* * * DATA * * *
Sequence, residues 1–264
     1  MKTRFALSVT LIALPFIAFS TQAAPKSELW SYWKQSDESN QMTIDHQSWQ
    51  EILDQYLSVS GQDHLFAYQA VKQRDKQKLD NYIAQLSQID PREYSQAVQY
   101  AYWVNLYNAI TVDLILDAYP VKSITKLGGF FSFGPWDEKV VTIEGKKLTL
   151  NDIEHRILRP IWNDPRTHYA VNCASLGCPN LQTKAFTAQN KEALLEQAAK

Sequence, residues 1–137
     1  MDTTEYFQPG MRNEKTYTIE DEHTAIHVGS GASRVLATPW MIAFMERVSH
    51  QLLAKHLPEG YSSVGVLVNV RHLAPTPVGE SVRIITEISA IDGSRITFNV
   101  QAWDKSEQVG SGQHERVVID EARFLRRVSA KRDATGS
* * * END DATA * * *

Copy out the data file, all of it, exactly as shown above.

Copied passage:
Sequence, residues 1–264
     1  MKTRFALSVT LIALPFIAFS TQAAPKSELW SYWKQSDESN QMTIDHQSWQ
    51  EILDQYLSVS GQDHLFAYQA VKQRDKQKLD NYIAQLSQID PREYSQAVQY
   101  AYWVNLYNAI TVDLILDAYP VKSITKLGGF FSFGPWDEKV VTIEGKKLTL
   151  NDIEHRILRP IWNDPRTHYA VNCASLGCPN LQTKAFTAQN KEALLEQAAK

Sequence, residues 1–137
     1  MDTTEYFQPG MRNEKTYTIE DEHTAIHVGS GASRVLATPW MIAFMERVSH
    51  QLLAKHLPEG YSSVGVLVNV RHLAPTPVGE SVRIITEISA IDGSRITFNV
   101  QAWDKSEQVG SGQHERVVID EARFLRRVSA KRDATGS